By the way, Clark didn't abolish the Privy Council. She stopped making appointments to it. The Privy Council is different from the Judicial Committee, which was replaced as our highest court in 2003, amid predictions of the destruction of New Zealand society because of the rise of an out-of-control Supreme Court... as usual, that turned out to be false.

Her Majesty’s Most Honourable Privy Council is the Sovereign’s inner advisory committee on executive matters of state in the United Kingdom.

Whilst New Zealand allowed appeals to the the Judicial Committee of the Privy Council, the Prime Minister, senior and long-serving Ministers of the Crown, the Chief Justice and Judges of the Court of Appeal, were usually appointed to the Council.

The Clark Government, led by Helen (unless she was an imposter), severed that relationship in the formation of the Supreme Court, hence why there had been no further appointnments from New Zealand since Simon Upton in 1999 (14 December to be exact).

Thankfully that has now changed due to our Sovereign's generosity.

Oh and I should add what has been the cost of the Supreme Court folly? $80.7 million for a building that was almost twice the projected cost and a bench that is under employed. We've traded in the cheapest/highest quality legal minds on the planet for an excercise is proto-republican envy.

That's not all - each judge of the Supreme Court is on a swish $410k plus allowances and there are six of them ($2.5 million pa). Throw in the Court's annual running costs then divide all that by the cases it hears and ask youself this, are we getting value for money let alone the quality for money over the Privy Council? The answer is a fat NO.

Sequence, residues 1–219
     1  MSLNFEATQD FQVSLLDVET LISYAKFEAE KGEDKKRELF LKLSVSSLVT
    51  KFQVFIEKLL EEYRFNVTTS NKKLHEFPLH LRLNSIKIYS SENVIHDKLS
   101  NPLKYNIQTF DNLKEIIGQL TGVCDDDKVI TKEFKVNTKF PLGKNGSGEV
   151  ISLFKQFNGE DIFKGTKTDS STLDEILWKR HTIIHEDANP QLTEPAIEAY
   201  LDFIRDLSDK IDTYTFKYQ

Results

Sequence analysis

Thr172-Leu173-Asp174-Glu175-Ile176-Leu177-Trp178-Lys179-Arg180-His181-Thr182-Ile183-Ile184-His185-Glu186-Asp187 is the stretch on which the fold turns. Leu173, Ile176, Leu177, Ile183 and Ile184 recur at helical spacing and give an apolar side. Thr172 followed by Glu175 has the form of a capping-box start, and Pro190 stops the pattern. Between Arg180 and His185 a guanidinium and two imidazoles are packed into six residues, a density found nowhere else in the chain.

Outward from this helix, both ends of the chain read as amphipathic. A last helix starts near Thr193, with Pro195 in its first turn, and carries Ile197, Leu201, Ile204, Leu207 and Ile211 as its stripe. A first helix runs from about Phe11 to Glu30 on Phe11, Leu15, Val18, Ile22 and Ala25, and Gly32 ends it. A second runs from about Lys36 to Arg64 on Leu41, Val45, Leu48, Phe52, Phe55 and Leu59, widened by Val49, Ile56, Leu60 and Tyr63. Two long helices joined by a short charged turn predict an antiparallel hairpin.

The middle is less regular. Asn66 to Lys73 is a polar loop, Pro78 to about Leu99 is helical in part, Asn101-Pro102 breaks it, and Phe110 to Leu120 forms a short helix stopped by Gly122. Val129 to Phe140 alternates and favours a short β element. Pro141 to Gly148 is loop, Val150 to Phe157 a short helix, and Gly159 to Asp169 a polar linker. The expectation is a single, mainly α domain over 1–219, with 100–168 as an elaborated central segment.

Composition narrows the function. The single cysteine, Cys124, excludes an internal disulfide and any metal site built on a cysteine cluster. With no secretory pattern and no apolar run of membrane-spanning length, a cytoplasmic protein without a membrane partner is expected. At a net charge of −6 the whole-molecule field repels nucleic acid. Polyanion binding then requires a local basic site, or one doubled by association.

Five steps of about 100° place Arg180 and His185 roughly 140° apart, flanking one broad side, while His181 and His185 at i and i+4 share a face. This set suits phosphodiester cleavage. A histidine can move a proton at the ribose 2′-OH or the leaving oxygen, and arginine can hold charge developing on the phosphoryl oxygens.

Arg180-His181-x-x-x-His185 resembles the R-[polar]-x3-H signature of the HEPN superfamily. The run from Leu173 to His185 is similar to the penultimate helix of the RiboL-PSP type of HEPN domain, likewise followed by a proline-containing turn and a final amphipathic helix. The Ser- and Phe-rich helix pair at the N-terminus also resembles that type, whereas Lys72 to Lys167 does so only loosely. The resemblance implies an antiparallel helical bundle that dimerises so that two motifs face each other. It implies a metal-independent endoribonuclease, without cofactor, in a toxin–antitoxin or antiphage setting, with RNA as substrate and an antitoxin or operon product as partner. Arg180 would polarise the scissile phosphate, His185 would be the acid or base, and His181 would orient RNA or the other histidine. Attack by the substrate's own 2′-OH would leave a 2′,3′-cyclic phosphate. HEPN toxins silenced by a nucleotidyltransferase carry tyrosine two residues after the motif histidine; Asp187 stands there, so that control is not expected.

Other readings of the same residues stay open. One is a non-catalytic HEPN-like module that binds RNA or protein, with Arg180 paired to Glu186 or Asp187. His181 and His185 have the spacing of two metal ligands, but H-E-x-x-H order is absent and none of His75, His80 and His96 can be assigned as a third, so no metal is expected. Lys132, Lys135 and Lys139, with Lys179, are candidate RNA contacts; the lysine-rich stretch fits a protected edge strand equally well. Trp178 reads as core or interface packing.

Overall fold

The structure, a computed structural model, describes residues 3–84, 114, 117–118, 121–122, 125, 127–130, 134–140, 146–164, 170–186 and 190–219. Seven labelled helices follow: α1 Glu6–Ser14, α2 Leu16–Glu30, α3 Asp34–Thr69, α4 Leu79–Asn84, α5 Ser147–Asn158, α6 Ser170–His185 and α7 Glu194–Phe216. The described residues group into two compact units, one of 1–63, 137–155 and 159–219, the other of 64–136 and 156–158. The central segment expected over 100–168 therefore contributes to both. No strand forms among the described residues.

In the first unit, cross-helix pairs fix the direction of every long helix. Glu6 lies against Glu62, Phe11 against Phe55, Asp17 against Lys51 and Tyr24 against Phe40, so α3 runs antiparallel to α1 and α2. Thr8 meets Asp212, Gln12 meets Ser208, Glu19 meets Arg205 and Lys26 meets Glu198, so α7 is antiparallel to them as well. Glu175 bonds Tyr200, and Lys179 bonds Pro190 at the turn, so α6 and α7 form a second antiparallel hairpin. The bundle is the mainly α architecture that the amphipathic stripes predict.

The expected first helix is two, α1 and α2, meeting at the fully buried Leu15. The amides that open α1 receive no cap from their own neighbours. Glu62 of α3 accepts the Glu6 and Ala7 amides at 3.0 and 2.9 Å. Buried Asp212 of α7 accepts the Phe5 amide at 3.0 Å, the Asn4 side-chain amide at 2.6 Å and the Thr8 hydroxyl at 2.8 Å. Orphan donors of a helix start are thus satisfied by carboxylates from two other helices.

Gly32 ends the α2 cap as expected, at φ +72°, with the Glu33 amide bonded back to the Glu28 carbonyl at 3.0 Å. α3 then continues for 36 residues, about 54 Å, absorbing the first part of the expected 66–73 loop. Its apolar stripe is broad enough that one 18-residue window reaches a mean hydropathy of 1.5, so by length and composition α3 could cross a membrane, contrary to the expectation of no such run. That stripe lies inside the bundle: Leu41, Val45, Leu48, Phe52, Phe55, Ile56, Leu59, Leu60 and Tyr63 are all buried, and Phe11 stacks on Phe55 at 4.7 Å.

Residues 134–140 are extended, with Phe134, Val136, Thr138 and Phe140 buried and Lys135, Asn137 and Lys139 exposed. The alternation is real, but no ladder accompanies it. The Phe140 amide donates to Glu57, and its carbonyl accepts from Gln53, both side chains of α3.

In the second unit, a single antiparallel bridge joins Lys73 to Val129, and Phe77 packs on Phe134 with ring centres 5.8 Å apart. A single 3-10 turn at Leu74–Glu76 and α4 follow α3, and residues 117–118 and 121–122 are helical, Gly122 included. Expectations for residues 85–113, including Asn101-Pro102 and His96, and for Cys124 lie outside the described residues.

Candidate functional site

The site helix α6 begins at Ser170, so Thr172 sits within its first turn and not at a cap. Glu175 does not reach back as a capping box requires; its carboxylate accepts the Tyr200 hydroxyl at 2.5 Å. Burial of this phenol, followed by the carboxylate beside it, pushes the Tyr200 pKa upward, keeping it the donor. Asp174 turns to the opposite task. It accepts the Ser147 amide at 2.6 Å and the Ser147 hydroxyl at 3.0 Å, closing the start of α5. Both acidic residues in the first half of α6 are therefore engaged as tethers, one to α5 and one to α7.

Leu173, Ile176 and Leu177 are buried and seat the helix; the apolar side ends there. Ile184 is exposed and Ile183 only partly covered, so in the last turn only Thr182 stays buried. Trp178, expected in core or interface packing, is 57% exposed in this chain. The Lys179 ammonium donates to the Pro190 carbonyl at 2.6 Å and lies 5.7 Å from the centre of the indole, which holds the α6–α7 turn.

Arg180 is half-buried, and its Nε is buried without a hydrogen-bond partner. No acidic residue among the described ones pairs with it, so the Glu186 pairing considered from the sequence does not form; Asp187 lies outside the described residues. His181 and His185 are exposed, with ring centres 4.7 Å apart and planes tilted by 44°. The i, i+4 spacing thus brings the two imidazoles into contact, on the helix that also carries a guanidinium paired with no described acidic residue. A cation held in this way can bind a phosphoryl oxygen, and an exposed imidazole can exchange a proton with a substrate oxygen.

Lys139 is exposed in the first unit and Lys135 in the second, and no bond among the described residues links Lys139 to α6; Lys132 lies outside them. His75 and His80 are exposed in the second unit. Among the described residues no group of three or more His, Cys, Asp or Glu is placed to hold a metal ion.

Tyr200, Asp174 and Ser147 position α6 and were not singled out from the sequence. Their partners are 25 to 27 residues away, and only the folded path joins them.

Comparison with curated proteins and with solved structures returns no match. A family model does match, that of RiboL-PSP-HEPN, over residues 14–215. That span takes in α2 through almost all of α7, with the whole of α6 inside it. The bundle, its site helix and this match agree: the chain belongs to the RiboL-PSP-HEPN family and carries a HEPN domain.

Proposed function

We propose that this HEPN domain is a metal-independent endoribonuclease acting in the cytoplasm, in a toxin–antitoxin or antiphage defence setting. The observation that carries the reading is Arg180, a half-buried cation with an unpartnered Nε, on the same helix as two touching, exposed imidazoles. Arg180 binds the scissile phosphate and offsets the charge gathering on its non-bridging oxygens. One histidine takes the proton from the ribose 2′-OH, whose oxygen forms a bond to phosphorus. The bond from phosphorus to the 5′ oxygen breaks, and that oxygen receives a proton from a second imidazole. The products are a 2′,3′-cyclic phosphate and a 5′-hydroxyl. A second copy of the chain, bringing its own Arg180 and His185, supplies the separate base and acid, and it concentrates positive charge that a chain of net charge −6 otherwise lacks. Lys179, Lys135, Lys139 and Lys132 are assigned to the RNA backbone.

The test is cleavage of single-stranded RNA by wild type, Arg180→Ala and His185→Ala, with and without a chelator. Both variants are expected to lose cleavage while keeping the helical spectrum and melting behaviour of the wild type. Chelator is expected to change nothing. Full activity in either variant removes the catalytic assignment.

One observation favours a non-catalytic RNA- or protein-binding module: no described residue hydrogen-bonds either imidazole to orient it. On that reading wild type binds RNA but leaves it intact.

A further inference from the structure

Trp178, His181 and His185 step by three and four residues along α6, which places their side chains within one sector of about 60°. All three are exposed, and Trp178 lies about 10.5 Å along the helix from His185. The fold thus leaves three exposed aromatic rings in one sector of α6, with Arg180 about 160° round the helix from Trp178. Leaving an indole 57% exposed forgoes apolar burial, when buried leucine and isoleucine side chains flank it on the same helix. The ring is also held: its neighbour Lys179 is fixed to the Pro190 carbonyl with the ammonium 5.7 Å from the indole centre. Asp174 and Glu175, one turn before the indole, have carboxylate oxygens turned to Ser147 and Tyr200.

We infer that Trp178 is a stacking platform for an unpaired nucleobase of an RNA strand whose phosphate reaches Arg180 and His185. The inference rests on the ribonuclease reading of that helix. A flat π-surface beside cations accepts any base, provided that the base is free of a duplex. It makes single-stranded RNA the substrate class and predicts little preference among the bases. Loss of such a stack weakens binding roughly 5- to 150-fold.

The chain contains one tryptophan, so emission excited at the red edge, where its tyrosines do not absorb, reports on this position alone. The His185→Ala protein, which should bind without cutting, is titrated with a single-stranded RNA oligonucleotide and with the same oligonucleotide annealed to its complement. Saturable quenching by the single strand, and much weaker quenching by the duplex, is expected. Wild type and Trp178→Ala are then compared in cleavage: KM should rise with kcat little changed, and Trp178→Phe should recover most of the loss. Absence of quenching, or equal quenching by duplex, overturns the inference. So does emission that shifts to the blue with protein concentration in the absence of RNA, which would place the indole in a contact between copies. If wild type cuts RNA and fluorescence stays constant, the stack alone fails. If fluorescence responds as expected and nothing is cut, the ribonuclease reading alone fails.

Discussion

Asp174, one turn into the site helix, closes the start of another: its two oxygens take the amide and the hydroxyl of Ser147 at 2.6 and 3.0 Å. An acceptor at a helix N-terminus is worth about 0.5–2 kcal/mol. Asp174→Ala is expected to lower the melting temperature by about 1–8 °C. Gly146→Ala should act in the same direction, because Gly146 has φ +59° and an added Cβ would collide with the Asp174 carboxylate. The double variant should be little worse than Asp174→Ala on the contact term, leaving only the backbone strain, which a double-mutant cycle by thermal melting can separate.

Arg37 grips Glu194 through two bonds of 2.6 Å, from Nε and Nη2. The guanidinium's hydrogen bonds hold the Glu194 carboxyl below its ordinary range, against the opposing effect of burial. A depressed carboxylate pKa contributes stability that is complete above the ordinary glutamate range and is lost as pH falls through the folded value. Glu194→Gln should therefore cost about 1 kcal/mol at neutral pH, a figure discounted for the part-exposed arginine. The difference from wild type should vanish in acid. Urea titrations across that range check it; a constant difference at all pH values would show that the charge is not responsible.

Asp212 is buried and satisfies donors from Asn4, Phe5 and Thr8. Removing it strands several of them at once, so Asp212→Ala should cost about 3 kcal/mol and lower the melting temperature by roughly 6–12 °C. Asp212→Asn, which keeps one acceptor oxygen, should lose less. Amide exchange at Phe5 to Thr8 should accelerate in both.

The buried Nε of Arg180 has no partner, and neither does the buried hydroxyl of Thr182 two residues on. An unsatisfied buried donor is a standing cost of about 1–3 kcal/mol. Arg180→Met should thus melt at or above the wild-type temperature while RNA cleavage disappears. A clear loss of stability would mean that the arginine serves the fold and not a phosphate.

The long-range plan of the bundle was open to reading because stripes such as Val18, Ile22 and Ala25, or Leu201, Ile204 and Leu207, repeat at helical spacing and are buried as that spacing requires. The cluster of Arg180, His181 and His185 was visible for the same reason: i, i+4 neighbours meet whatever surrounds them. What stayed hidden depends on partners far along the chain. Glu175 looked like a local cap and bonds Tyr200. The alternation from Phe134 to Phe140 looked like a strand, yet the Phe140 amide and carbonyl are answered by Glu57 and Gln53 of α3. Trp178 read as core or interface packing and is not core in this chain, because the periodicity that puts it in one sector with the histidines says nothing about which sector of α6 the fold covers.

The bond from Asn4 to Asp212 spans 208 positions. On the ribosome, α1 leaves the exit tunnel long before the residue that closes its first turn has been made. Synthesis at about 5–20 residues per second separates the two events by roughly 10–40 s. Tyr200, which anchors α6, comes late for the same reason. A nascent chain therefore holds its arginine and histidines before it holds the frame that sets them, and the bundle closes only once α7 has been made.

David, you said Helen Clark abolished the Privy Council, which she didn't, she just ended appointments to it. That was then confirmed by John Key in 2008. You clearly don't know the difference between the Privy Council and the Judicial Committee of the Privy Council.

Also, you forget that the UK has established its own Supreme Court, and the "best legal minds" actually no longer sit on the JCPC, except for disputes between the home nations of the UK. Like most things, the UK treats the Commonwealth as an expensive luxury it would rather not pay for.